Treaty Minister Andrew Little and the East Coast Photo merge: Māori Television Graphics
The Crown has recognised 14 customary marine title areas along the East Cape and East Coast in ngā rohe moana o ngā hapū o Ngāti Porou, Treaty of Waitangi Negotiations Minister Andrew Little said today.
This recognition reflects the determination of ngā hapū o Ngāti Porou to safeguard its longstanding customary rights and the continued exercise of mana by ngā hapū o Ngāti Porou in its rohe moana.
Customary marine title recognises customary rights and interests that whānau, hapū or iwi can show they have had in an area of the takutai moana (common marine and coastal area) from 1840, in accordance with strict legal tests.
“Thank you to ngā hapū o Ngāti Porou for its commitment through this long journey since reaching agreement with the Crown to recognise its customary rights and interests in the marine and coastal area in 2008,” Little said.
“Ngā hapū o Ngāti Porou has contributed extensive research and collection of historical evidence which, along with the Crown’s historical research and public consultation, assisted the Crown in being satisfied the legal tests for customary marine title were met in these areas.”
Ngāti Porou was the only iwi that reached an agreement with the Crown under the now-repealed Foreshore and Seabed Act 2004. When that act was reviewed and repealed, the Crown promised to honour its commitments to Ngāti Porou.
Following the passage of the Marine and Coastal Area (Takutai Moana) Act in 2011, the original agreement was updated to reflect features of the new act, including the new legal test for customary marine title. The agreement was given effect by Ngā Rohe Moana o Ngā Hapū o Ngāti Porou Act 2019.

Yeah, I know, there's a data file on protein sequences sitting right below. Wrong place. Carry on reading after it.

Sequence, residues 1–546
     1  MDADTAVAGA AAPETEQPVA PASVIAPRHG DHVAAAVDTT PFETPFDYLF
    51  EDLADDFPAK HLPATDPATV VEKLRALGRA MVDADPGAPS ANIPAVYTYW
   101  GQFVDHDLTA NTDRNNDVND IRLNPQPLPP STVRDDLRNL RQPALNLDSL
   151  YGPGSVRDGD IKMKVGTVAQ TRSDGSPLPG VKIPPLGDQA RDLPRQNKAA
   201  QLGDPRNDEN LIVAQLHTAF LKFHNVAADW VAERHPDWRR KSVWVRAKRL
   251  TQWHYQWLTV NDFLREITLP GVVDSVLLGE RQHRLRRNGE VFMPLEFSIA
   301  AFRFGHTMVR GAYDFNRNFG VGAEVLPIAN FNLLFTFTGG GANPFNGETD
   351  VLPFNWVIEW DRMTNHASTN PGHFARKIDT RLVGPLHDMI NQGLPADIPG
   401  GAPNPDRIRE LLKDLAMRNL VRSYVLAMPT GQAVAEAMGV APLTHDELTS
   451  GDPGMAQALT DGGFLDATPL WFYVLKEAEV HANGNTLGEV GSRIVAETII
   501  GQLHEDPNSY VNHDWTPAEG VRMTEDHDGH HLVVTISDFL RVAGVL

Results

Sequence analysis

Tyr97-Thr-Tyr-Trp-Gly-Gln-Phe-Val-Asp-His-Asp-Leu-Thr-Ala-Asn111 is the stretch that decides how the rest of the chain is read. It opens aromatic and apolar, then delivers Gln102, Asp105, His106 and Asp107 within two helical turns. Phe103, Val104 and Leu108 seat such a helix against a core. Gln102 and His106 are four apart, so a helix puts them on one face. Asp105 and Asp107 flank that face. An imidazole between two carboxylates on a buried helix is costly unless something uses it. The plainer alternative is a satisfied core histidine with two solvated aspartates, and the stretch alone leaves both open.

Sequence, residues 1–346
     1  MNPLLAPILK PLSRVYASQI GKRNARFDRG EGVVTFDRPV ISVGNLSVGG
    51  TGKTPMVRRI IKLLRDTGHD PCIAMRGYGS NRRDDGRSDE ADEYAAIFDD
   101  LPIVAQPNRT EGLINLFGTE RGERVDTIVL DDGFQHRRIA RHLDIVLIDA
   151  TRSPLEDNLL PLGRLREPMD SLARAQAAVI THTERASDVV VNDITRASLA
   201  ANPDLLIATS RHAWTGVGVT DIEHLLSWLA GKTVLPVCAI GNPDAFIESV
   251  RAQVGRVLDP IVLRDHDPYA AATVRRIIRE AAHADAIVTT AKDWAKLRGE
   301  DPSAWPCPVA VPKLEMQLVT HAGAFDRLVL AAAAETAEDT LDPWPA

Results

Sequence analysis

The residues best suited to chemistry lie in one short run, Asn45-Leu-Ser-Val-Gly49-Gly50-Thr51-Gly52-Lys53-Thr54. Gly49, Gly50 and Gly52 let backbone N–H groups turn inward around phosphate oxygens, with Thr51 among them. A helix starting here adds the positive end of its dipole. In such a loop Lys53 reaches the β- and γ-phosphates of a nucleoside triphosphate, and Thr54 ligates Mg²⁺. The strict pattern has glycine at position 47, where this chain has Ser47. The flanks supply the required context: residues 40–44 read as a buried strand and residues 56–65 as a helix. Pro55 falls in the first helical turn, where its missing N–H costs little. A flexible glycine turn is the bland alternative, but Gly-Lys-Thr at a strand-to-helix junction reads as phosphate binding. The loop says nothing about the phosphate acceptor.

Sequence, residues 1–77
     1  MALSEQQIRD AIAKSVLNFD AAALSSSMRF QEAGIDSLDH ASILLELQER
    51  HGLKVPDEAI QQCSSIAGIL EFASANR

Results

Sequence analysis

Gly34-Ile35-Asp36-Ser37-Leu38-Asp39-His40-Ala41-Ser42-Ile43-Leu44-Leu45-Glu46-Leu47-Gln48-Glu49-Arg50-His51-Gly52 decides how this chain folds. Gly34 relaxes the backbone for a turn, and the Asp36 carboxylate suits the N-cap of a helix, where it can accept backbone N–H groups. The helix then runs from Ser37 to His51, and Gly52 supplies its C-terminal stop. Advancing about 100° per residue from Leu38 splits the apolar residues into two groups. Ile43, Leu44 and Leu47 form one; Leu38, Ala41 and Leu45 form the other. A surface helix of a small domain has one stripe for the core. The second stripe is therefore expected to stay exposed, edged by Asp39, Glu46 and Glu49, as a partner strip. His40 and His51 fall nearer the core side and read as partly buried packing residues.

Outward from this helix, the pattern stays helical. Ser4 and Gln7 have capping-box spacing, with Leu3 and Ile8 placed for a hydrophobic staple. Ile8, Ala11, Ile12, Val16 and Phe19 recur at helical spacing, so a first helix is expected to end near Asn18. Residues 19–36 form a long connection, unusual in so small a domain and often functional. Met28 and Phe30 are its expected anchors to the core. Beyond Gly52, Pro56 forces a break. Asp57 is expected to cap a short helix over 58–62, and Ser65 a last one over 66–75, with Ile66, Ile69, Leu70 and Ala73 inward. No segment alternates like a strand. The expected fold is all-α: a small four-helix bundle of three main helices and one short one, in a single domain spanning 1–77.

How it works
Customary marine title enables the holders to exercise certain rights through involvement in resource consent and Conservation Act processes, customary fisheries management, the ownership of non-Crown minerals and taonga tūturu in the title area, and protection of wāhi tapu, such as urupā (grave sites).
The customary marine title orders take effect today
Customary marine title is not fee simple ownership, but an expression of customary rights and interests in part of the common marine and coastal area. The marine and coastal area (takutai moana) is the land from mean high water springs out to the territorial limit. In other words, it is the “wet part” of the beach, and the seabed out to 12 nautical miles.
Customary marine title does not affect general public access, fishing (subject to bylaws being made to protect customary fishing areas), or navigation rights. However, the right of public access in the common marine and coastal area does not give any new rights to the public to cross private land without permission in order to reach the marine and coastal area.
Applications for customary marine title under the Ngā Rohe Moana o Ngā Hapū o Ngāti Porou Act (or under te Takutai Moana Act) are determined by the High Court or the responsible minister depending on who the application was made to. The legal tests, and the thresholds for evidence, are the same.
The Ngā Rohe Moana o Ngā Hapū o Ngāti Porou (Recognition of Customary Marine Title) Order 2020 can be found on the legislation.govt.nz website. The order has the full list of the customary marine title areas.